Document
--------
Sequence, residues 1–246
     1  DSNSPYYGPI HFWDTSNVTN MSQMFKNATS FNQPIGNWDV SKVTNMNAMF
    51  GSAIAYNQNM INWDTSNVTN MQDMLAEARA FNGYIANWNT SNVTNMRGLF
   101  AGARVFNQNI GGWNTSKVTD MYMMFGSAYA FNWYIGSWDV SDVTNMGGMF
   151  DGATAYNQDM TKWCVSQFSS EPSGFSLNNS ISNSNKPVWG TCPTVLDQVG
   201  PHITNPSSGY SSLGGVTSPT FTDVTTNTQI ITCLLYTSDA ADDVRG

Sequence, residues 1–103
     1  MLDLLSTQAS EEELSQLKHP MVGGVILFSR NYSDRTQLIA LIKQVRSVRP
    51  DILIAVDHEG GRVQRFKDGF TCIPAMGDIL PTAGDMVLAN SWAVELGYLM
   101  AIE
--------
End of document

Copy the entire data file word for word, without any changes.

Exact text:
Sequence, residues 1–246
     1  DSNSPYYGPI HFWDTSNVTN MSQMFKNATS FNQPIGNWDV SKVTNMNAMF
    51  GSAIAYNQNM INWDTSNVTN MQDMLAEARA FNGYIANWNT SNVTNMRGLF
   101  AGARVFNQNI GGWNTSKVTD MYMMFGSAYA FNWYIGSWDV SDVTNMGGMF
   151  DGATAYNQDM TKWCVSQFSS EPSGFSLNNS ISNSNKPVWG TCPTVLDQVG
   201  PHITNPSSGY SSLGGVTSPT FTDVTTNTQI ITCLLYTSDA ADDVRG

Sequence, residues 1–103
     1  MLDLLSTQAS EEELSQLKHP MVGGVILFSR NYSDRTQLIA LIKQVRSVRP
    51  DILIAVDHEG GRVQRFKDGF TCIPAMGDIL PTAGDMVLAN SWAVELGYLM
   101  AIE